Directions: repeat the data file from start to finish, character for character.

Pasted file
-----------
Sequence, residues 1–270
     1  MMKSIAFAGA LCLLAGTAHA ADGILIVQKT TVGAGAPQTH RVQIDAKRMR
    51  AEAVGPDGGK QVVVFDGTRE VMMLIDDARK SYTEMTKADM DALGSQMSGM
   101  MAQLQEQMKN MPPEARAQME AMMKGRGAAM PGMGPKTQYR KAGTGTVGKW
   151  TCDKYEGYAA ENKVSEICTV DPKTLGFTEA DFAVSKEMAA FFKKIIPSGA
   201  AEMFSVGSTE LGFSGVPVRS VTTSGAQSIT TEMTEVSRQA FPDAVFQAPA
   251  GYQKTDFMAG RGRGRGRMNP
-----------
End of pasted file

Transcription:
Sequence, residues 1–270
     1  MMKSIAFAGA LCLLAGTAHA ADGILIVQKT TVGAGAPQTH RVQIDAKRMR
    51  AEAVGPDGGK QVVVFDGTRE VMMLIDDARK SYTEMTKADM DALGSQMSGM
   101  MAQLQEQMKN MPPEARAQME AMMKGRGAAM PGMGPKTQYR KAGTGTVGKW
   151  TCDKYEGYAA ENKVSEICTV DPKTLGFTEA DFAVSKEMAA FFKKIIPSGA
   201  AEMFSVGSTE LGFSGVPVRS VTTSGAQSIT TEMTEVSRQA FPDAVFQAPA
   251  GYQKTDFMAG RGRGRGRMNP